Comedian Louis C.K. performs at the David Lynch Foundation Benefit for Veterans with PTSD in April 2016 in New York (Scott Roth/Invision/AP)

As privileged classes go, few hold as elevated pride of place in American culture as the fans.

Not just movies but entire franchises are constructed for their benefit — for good and, today at least, for ill (op. cit. the dreary “Justice League”). Other movies are made by them, such as the upcoming comedy “The Disaster Artist,” James Franco’s delightful, heartfelt homage to the hilariously execrable cult movie “The Room.”

Then there’s “I Love You, Daddy,” a movie that’s too radioactive for even the most loyal devotees of the man who made it. A creepy nod to Woody Allen’s “Manhattan” in which writer-director Louis C.K. plays coy cat-and-mouse with long-running rumors of his sexual misbehavior with female colleagues, the film was shelved after it was revealed last week that those rumors were true.

After issuing a nonapologetic apology, C.K. has retreated to “step back and take a long time to listen.” In the meantime, his fans have been left with their own feelings of grief, betrayal and, in some instances, rationalizations about dark impulses necessarily informing great art. “This one hurts,” one C.K. follower tweeted late last week, suggesting that, within an odious sea of awful men, the tide had finally swept in someone most people actually like.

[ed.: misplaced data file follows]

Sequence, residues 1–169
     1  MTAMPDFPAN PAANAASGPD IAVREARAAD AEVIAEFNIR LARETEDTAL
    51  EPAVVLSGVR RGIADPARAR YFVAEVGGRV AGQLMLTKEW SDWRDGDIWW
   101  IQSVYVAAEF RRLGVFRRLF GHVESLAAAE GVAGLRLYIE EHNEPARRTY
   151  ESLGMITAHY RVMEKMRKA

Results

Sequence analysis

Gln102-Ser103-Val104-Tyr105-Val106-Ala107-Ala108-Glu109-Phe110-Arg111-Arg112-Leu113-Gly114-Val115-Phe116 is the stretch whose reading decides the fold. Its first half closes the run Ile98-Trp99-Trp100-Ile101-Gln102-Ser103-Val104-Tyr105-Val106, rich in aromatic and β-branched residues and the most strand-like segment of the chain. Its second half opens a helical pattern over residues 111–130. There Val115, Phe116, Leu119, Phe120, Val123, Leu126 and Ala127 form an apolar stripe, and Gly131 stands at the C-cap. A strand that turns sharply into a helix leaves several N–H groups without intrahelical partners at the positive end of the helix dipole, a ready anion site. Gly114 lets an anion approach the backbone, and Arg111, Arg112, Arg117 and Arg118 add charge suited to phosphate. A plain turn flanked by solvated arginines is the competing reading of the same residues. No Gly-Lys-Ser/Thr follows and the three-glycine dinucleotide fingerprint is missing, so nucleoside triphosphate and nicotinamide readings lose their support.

This isn’t America’s most reassuring sweater-clad dad, Bill Cosby, turning out to be a dissembling monster. This is a flawed but beloved figure — a beloved figure precisely because he’s flawed — who disarmed comedy nerds and sophisticates alike by “owning” his most shameful qualities, and marshaling his sexist id in service of a personal, perversely confessional (but, it turns out, deeply hypocritical) form of feminism.

After being accused of sexual misconduct by five women in a New York Times report, comedian Louis C.K. says their stories are "true." The release of his new movie, "I Love You, Daddy," was cancelled after the story's publication. (Nicki DeMarco/The Washington Post)

Perhaps because so many people unthinkingly conflated Louis C.K. the man and Louis C.K. the act, a turning point seems to have been reached: Now that all our faves are problematic, or surely will be in a couple of news cycles, it feels like our own step back is in order, the better to put our pop culture crushes into proper focus.

In an era of peak TV, Comic-Concentric movies and hive-minded social media, fandom has gone from innocent pastime to supercharged marketing force: Whether they’re blogging, commenting, recapping or canon-policing, garden-variety viewers now have unprecedented power, their likes and dislikes compulsively tracked and catered to by studios, networks and other gatekeepers.

But while fandom has been weaponized — and as corporations have become more sophisticated about co-opting it — the fans themselves haven’t matured apace. Rather than cultivating more restraint, skepticism and semidetached reserve, admirers of particular artists have become even more neurotically attached to their cultural love-objects, demanding relatability, accessibility and “engagement,” no matter how manufactured. It’s a social contract that goes back to the silent era, but is newly enforceable in the era of constant iPhone surveillance: We’ll worship you, charming shadow material and all, as long as you don’t turn out to be an actual creep. (And, if you’re Mel Gibson, we’ll even make your new movie a big hit after an unspecified probation period.)